The wearing of cloth face masks by the public was becoming more about politics than science, one expert has argued, as a new study reveals potential benefits and problems of the coverings.
At present the UK government recommends the public wear face coverings when in crowded places where it is not always possible to maintain social distancing – a stance also taken by the US Centers for Disease Control and Prevention (CDC) – while other countries, including the Czech Republic, have made the wearing of masks in the community mandatory.
Now a new study by researchers at the University of Edinburgh has looked into the impact of different types of face mask on airflow ejected by a wearer when they breathed or coughed, including standard surgical masks, FFP2 respirators and cloth masks.
The researchers found all face masks without a valve, including cloth masks, reduced the distance exhaled air travelled in a forward direction by more than 90%. But they added that fit was essential, pointing out that “surgical, handmade masks, and face shields, generate significant leakage jets that have the potential to disperse virus-laden fluid particles by several metres,” and that such jets tend to be directed downwards or backwards.
Dr Simon Kolstoe, senior lecturer in evidence-based healthcare and university ethics adviser at the University of Portsmouth, said when it comes to the science there “isn’t that much to argue about”. He said the new study backs previous evidence that cloth masks were not as effective as FFP1 or FFP2 masks – equivalent to N95 masks – when it comes to preventing the transmission of viruses, but can direct the breath in different ways.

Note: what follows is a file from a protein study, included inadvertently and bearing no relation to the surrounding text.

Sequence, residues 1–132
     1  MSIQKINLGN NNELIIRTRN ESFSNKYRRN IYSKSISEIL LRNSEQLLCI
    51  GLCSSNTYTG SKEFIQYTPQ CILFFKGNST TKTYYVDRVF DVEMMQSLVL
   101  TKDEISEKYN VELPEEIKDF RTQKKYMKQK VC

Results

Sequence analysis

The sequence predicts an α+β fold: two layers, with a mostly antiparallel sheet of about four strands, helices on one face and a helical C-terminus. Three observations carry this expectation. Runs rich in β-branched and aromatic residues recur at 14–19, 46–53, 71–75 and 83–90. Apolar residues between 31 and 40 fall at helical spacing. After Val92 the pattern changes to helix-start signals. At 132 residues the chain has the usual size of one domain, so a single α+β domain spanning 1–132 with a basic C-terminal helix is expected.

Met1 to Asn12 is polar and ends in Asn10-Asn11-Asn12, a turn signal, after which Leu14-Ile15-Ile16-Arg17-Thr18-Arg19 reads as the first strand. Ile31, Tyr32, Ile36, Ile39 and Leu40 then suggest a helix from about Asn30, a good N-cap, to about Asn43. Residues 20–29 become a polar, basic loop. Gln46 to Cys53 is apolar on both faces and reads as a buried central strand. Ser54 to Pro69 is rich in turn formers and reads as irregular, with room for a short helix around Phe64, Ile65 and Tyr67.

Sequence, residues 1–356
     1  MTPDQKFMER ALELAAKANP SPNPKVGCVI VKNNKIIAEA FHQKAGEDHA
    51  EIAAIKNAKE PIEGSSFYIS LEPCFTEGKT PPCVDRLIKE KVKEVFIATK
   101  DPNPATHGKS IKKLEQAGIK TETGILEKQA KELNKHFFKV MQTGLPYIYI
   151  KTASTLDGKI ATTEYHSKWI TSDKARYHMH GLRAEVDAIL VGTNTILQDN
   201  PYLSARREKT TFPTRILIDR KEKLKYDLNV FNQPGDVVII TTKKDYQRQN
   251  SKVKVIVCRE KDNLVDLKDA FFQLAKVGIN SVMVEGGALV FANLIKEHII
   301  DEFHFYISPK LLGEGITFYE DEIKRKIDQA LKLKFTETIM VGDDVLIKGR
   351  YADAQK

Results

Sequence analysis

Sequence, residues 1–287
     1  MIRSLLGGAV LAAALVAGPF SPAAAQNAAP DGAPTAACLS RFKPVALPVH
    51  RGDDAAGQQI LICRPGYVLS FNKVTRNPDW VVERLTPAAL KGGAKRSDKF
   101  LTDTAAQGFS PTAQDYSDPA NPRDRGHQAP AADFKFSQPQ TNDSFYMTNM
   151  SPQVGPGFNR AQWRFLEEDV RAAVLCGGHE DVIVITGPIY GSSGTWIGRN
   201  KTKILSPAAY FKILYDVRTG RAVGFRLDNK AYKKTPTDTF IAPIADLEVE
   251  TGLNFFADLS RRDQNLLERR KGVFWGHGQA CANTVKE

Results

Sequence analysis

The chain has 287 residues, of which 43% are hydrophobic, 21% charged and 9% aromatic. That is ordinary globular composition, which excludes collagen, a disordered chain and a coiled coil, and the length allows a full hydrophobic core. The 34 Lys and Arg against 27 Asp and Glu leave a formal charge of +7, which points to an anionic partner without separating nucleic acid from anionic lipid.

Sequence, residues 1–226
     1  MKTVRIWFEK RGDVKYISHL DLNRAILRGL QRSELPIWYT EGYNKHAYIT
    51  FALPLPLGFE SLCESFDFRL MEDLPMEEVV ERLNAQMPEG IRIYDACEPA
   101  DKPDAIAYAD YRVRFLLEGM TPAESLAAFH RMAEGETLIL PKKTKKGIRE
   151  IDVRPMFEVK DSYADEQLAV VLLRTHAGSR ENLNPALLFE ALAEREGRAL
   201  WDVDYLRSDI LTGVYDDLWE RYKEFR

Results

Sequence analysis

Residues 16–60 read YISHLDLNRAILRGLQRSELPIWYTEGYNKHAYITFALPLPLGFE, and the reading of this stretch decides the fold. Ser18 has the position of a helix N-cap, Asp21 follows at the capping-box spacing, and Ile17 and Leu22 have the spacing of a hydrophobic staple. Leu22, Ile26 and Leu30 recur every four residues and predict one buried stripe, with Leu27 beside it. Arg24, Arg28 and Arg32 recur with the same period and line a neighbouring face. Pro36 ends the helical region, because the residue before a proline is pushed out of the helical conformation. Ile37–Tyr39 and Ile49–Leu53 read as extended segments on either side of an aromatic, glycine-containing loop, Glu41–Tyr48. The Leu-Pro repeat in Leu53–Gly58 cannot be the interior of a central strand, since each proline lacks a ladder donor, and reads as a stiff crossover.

But Kolstoe said there was limited evidence about how effective cloth masks were, or whether they have a big impact. The upshot was a debate that was more political than scientific.
“My feeling is that this is becoming more of a statement, a statement of solidarity. By going out and wearing a face mask you show that you are taking action, you show other people you are concerned about this, you are concerned about them, you are concerned about yourself. But perhaps conversely by not wearing a face mask that is also a statement as well,” said Kolstoe, pointing to a recent Politico article with the headline “Wearing a mask is for smug liberals. Refusing to is for reckless Republicans.”
Trish Greenhalgh, a professor of primary care health sciences at Oxford University, who has advocated the public wear cloth face masks, cautioned that the Edinburgh research was carried out in a laboratory, meaning the implications for the real world remain unclear. However, she said the findings suggested those wearing surgical or homemade masks to protect others should ensure a close fit all around.
Other experts pointed out that the study did not look at viral transmission and the face coverings were only tested on one person, but the findings showed that airflow was not straightforward.
Describing homemade face coverings, Kolstoe said: “I don’t think it does any particular harm to wear, them I don’t think it does any particular good to wear them – and as a consequence you are going to get people jumping on either side of the bandwagon. [If there was evidence showing cloth masks] make a massive difference, then we wouldn’t be having this argument.”